The U.K. government narrowly avoided a vote of no confidence Wednesday following the defeat of Prime Minister Theresa May's Brexit deal.
Members of Parliament voted 325-306 against a vote of no confidence in Her Majesty's Government, which was called for Tuesday by Jeremy Corbyn, the leader of the opposition Labour Party. Mr. Corbyn called for the vote following a 432-202 defeat for a Brexit deal negotiated by Ms. May regarding the U.K.'s exit from the European Union.
The pound sterling rose 0.06% vs. the dollar over the day, to $1.2861. The FTSE All-Share fell 0.34% over the U.K. trading day Wednesday.
While the result prevents the opposition from forcing a snap election, money managers said the future for Brexit and the markets remains uncertain.
"While today's result prevents the Labour Party from forcing a snap election, the high-stakes political roller coaster is far from over," said Seema Shah, senior global investment strategist at Principal Global Investors, in a statement.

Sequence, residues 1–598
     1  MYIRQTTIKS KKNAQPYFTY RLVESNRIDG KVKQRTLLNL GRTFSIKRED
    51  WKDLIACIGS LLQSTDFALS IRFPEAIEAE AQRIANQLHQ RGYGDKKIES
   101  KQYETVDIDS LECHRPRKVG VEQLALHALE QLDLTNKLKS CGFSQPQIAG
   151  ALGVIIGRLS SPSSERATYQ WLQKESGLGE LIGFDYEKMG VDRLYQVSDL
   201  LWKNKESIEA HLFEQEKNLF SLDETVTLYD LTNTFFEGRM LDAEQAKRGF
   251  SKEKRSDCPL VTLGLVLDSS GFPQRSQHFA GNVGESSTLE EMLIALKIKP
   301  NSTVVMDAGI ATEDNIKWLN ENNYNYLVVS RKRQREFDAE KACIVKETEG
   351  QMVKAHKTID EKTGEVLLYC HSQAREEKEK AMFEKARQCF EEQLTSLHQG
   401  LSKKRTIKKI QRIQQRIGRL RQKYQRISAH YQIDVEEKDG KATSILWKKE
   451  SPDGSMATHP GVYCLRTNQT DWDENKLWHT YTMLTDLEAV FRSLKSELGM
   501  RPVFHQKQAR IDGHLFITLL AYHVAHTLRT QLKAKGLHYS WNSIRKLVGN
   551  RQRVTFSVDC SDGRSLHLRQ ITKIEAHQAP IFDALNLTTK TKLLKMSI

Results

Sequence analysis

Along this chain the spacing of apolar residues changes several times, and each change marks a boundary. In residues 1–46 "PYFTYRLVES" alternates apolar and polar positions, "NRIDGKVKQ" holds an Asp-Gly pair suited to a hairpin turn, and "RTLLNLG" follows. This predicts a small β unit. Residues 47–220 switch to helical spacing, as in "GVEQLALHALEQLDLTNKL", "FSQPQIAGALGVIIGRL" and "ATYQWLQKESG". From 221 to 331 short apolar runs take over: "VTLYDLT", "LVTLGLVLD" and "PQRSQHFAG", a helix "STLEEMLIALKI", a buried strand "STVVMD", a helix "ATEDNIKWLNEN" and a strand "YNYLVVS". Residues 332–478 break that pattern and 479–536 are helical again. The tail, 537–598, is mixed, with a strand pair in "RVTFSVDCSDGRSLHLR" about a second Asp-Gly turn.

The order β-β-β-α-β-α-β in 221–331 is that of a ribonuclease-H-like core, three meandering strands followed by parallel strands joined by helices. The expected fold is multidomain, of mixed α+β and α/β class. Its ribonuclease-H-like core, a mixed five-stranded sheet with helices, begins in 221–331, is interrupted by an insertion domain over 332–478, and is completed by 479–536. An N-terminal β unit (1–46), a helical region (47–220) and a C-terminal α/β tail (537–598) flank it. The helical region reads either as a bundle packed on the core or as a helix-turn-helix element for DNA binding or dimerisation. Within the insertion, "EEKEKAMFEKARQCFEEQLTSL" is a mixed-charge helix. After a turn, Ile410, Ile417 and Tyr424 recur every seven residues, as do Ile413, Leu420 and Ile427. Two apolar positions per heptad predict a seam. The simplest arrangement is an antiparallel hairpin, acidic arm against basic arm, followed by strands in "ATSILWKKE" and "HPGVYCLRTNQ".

Conservative Party members fear a government led by Mr. Corbyn more than the Brexit options, she added. "Indeed, the threat of Jeremy Corbyn has achieved the impossible task of uniting the Conservative Party — at least for tonight."
Ms. Shah said the pound sterling might rally further as fears of Mr. Corbyn's leadership challenge recede, but that the question is how much further the currency could strengthen.
"Prior to the Brexit vote, sterling sat at around $1.50 against the U.S. dollar. As long as the possibility of "no Brexit at all" is alive, sterling could be drawn up in that direction. However, given the untold damage already inflicted on the economy by the uncertainty of the past two years, it is doubtful that sterling will get within touching distance of the $1.50 mark — even in the most optimistic case of Brexit being stopped entirely."
Ms. Shah added that, following the defeat of Ms. May's Brexit deal on Tuesday, more than a "few tweaks" will be necessary to get it passed.